, Volume 45, Issue 3, pp 741–761 | Cite as

Technological innovation and inequality in health

  • Sherry Glied
  • Adriana Lleras-Muney


The effect of education on health has been increasing over the past several decades. We hypothesize that this increasing disparity is related to health-related technical progress: more-educated people are the first to take advantage of technological advances that improve health. We test this hypothesis using data on disease-specific mortality rates for 1980 and 1990, and cancer registry data for 1973–1993. We estimate education gradients in mortality using compulsory schooling as a measure of education. We then relate these gradients to two measures of health-related innovation: the number of active drug ingredients available to treat a disease, and the rate of change in mortality from that disease. We find that more-educated individuals have a greater survival advantage in those diseases for which there has been more health-related technological progress.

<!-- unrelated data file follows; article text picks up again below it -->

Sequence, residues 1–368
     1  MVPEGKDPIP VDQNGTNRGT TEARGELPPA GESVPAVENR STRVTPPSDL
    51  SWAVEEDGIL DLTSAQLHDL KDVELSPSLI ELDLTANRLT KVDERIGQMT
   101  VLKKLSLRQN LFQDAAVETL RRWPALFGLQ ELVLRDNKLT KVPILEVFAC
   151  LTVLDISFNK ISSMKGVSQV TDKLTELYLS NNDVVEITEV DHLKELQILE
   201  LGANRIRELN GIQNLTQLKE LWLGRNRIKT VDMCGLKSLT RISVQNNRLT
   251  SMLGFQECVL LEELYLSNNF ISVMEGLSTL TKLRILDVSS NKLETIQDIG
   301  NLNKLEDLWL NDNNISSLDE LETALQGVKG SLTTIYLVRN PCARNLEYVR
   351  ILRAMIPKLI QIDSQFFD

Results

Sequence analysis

NBER Working Paper Linear Probability Model Coef Cients Drug Measure Education Gradient 
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Copyright information

© Population Association of America 2008

Authors and Affiliations

  • Sherry Glied
    • 1
  • Adriana Lleras-Muney
    • 2
  1. 1.Department of Health Policy and Management Department of Economics, Mailman School of Public HealthColumbia UniversityUSA
  2. 2.Economics Department and Woodrow Wilson SchoolPrinceton

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